The schemes to remunerate investments in renewables should be oriented to maximize the net benefits of the long-term transition of the energy system.
Public debates on renewable remuneration schemes are often heavily influenced by the perception of their immediate costs. Once targets have been set, trying to reach them at the lowest possible immediate cost certainly is one reasonable guiding principle. However, it should not be the only principle.
Beyond the immediate costs of the remuneration scheme, one should consider its impact on the power system costs as a whole, in the short and in the long term. In order to maximise the net benefit of RES to the power system, including a limitation of the need for energy storage and expansion of transmission and distribution systems, remuneration schemes for RES should give adequate price signals to RES generators, which support the overall coordination of generation and consumption.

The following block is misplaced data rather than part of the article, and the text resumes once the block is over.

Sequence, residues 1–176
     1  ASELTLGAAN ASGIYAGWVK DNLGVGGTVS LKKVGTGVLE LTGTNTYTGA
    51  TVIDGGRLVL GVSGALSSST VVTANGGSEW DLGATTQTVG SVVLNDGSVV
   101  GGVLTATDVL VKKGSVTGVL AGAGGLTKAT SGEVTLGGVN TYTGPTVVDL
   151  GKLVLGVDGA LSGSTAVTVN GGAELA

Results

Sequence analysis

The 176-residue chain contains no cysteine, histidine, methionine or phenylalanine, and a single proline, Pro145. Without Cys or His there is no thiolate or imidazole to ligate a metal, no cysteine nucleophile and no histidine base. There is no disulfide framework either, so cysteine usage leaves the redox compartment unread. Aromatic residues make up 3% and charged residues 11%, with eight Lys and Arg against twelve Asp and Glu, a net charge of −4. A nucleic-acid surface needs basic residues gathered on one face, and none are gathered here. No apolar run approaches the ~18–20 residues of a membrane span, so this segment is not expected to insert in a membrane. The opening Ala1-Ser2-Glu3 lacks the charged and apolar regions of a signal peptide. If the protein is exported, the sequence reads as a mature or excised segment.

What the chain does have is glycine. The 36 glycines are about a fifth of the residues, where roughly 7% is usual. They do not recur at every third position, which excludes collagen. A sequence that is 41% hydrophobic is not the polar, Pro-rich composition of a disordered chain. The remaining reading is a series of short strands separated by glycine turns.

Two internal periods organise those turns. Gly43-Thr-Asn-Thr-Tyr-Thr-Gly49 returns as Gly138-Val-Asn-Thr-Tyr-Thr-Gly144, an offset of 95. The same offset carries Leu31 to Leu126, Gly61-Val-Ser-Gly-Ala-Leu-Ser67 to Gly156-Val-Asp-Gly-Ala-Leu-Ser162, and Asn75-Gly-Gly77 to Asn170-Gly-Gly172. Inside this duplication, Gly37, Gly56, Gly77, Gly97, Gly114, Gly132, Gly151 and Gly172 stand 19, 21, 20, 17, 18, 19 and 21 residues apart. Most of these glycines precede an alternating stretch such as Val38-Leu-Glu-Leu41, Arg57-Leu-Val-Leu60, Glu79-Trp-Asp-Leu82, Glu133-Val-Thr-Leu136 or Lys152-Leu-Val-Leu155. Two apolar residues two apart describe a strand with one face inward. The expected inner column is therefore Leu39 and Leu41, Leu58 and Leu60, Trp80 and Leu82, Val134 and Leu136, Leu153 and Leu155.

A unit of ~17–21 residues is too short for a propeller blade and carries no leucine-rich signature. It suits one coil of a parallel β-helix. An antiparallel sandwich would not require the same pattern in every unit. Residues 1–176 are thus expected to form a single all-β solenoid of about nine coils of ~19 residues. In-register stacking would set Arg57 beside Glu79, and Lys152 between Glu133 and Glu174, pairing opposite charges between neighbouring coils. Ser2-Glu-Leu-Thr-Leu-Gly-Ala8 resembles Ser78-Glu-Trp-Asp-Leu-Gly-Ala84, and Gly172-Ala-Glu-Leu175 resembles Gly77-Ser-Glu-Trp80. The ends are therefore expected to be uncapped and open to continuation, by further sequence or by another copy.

Furthermore, it is important to consider not only the costs of the remuneration scheme, but also its benefits: not just abstractly in terms of reaching targets, but also in terms of reduced external effects, reduction of risks borne by society, reduction in fossil fuel imports, creation of local development and jobs, etc. Moreover, the transition towards high shares of renewables obviously implies a relatively long period of long-term investments, and therefore any cost-benefit analysis should consider not only the immediate costs and benefits, but also the long-term effects: certain investments may increase the burden within a certain decade, but be effective in terms of reducing the overall costs of the transition period. From this perspective, a cost-minimisation approach focused exclusively on intermediate targets (e.g. 2020 or 2030) fails to consider an important dimension and is likely to lead to suboptimal decisions.